• Lean on home automation security systems to give you that added edge. Things like a video doorbell camera and exterior motion sensors and lights can provide you a sense of security of knowing what is outside without going outside. 
  • Most thieves and intruders prefer non-violent methods like picking a lock to enter your home rather than busting a door down or breaking a window, which is sure to attract attention. Nip this option in the bud by looking at inexpensive digital or smart locks, which are extremely difficult to break. 
  • Lastly, and most importantly, invest in a reliable home security system. These days, you can get alarm systems that serve various functions and can be easily controlled remotely or through your smartphone. 
  • Make sure that the option you choose integrates all the different devices on your premises and includes PTZ (pan, tilt, zoom) cameras. Nothing can solve a burglary or home-invasion case faster than actual video evidence of the crime and the perpetrators. 

Step #2: Make Your Home Intrusion Proof

  • Thieves and burglars love houses with large amounts of unkempt bushes, hedges, or other structures near the windows or front door. It gives them a place to hide. Keep it to a minimum. 
  • Despite what you see in the movies, a solid front door is tough to kick-in. An ideal combination is a metal door, or one with a thick wooden core, paired with a solid deadbolt. Take it one step further by installing a heavy-duty strike plate with screws embedded into the frame. 
  • If your home comes with sliding doors or windows, include a dowel or board into the track to prevent it from moving when unlocked. 
  • Install exterior lighting to eliminate dark and shady spots. There shouldn't be any spot on your property that you cannot see easily. Removing the hiding spots makes it that much harder for someone to try and break into your home. 
  • Get a dog, the bigger, the better. Research has shown that nearly 50% of burglars are wary of breaking into a house where a dog is present. Plus, they're great fun to have around as well : )

Step #3: Keep things locked

  • Keep most windows locked at night or when you're out of the house. If one must be kept open for ventilation, make sure it’s not more than 4 inches high. 
  • Lock your entryway or porch as the first line of defense. 
  • If you've moved into the house recently or are renting, spend that extra time and effort (and money) to change the locks. You might as well keep the door wide open if you're not sure who, other than you, has the keys to the locks.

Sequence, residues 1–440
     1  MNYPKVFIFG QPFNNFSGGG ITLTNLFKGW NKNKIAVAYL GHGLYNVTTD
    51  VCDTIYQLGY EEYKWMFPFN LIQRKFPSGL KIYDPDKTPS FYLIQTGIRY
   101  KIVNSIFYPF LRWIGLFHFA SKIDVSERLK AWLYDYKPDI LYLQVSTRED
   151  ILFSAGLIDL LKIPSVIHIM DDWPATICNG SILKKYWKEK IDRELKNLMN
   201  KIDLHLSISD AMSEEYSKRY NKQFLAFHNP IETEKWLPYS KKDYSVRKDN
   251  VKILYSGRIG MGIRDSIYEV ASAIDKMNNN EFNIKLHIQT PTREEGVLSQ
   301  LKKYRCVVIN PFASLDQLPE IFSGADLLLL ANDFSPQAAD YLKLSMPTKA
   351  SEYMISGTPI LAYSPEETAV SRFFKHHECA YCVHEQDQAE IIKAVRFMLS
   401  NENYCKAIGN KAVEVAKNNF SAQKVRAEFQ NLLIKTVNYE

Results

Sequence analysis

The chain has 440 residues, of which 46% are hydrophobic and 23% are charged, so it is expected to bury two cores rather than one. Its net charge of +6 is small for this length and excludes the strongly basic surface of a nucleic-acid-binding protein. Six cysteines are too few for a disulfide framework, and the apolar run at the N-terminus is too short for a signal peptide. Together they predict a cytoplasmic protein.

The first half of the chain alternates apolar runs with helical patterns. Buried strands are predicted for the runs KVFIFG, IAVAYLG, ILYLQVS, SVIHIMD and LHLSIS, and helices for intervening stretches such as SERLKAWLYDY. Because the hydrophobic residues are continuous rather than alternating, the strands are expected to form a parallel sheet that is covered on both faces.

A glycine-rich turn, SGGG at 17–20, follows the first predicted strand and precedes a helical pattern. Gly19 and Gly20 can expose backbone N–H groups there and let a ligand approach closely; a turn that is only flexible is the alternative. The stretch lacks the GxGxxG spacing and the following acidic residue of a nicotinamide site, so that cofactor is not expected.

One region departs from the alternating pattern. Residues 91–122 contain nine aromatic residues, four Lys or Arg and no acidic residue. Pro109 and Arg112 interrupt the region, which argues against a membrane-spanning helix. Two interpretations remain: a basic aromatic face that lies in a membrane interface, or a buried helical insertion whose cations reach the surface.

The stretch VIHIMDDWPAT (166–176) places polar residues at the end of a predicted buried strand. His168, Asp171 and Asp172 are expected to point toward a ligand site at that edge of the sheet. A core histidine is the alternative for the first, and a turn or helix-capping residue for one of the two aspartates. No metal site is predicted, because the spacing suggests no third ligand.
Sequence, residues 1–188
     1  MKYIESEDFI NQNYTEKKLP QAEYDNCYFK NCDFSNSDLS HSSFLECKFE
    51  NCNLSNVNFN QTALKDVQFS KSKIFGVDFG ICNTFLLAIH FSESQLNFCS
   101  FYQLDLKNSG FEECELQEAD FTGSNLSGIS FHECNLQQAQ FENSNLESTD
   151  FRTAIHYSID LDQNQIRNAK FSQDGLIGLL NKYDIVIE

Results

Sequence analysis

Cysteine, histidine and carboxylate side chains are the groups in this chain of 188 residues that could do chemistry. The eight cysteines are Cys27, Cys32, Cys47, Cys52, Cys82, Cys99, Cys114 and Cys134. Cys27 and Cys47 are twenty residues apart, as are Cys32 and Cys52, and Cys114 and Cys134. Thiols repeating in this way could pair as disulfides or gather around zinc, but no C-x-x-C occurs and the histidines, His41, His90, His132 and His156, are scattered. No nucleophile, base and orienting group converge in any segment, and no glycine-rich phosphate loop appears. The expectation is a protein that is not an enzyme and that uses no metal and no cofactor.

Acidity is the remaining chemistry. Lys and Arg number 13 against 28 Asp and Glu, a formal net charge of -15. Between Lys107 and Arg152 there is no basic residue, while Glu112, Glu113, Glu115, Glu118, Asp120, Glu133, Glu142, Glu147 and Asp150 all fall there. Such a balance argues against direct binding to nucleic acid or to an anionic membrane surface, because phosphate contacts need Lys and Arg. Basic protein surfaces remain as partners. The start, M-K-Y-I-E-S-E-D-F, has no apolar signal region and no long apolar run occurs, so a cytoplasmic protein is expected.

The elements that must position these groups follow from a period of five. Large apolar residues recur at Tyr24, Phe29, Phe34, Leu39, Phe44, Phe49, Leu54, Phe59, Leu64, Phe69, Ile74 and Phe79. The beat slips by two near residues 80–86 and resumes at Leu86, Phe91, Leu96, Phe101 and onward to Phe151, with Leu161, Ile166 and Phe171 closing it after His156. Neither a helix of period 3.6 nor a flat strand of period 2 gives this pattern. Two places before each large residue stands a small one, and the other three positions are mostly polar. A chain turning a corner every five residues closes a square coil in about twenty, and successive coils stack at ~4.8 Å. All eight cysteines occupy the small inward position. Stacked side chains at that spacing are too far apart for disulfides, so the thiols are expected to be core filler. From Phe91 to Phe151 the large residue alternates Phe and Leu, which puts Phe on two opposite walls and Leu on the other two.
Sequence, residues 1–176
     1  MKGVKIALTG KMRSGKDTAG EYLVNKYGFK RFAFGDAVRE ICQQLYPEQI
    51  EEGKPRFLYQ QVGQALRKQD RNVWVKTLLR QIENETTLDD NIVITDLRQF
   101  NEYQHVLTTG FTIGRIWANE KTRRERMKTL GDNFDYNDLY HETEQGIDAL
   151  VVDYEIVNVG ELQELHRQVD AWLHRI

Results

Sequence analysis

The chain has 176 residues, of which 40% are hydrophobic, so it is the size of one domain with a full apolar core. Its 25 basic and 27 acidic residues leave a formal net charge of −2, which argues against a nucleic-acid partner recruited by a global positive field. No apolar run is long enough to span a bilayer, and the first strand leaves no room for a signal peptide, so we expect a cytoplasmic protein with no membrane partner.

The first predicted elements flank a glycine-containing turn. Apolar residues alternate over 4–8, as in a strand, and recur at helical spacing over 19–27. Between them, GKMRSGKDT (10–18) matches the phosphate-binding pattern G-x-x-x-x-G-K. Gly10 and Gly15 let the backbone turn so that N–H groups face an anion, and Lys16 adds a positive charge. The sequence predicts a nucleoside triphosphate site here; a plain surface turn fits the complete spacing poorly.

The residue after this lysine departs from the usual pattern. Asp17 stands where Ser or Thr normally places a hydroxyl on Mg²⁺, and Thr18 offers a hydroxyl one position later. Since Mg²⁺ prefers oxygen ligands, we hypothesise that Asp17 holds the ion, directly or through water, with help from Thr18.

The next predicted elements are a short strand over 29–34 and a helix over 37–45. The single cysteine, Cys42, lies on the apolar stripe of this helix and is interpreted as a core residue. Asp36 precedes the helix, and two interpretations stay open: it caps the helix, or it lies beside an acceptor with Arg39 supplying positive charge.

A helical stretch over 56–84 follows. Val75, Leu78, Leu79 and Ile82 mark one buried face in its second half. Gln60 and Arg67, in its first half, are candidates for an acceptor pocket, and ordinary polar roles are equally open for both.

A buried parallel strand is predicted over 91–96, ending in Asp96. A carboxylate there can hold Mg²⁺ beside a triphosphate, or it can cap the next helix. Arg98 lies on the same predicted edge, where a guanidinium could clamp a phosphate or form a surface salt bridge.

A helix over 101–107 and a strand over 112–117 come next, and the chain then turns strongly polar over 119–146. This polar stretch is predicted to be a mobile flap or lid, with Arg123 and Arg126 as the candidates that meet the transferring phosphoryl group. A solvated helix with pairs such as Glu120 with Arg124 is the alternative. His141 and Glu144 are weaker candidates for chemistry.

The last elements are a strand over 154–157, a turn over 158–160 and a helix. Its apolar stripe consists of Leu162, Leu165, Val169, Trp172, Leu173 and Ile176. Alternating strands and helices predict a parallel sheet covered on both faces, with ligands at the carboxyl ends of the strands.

• Review the many access points that your home has and keep them locked whenever possible. This includes the garage door as well as the many windows and even the chimney. Never take any access point for granted. 
  • Make sure your Wi-Fi network is password protected. An open system can easily indicate to would-be criminals that the owner isn't too clued into security. 

Step #4: Be part of the community

  • Unless you're living in an isolated part of the country, where your nearest neighbor is miles away, make an active effort to be a part of your community. 
  • Making friends with your neighbors is a great way to keep your home secure when traveling or at work. 
  • Give a trusted neighbor a spare key as well as the code to an alarm system (if installed). If you're travelling and something goes wrong, they should have the means to help. 
  • Start a neighborhood watch program with the power to make changes to the community you live in. This could be as simple as making sure streetlights are working or speaking to the local law enforcement agency to have regular patrols in your area. Whatever route you choose, a collective approach to safety is always the best defense. 

Step #5: Be prepared

  • A quick home security tip - make a list of all the valuable items in your home, and take a photo of every room that clearly shows the valuables in each (television, stereo, etc.)
  • In the event of a burglary, reporting what is stolen to the police is much easier when you have photographic proof or evidence of an item being stolen. 
  • Speak to your home insurance or renter’s insurance agent. Find out what is covered in the contract in the event of a burglary or a home invasion. Too often, we see homeowners left out in the cold because of some technicality in the contract they failed to understand or read.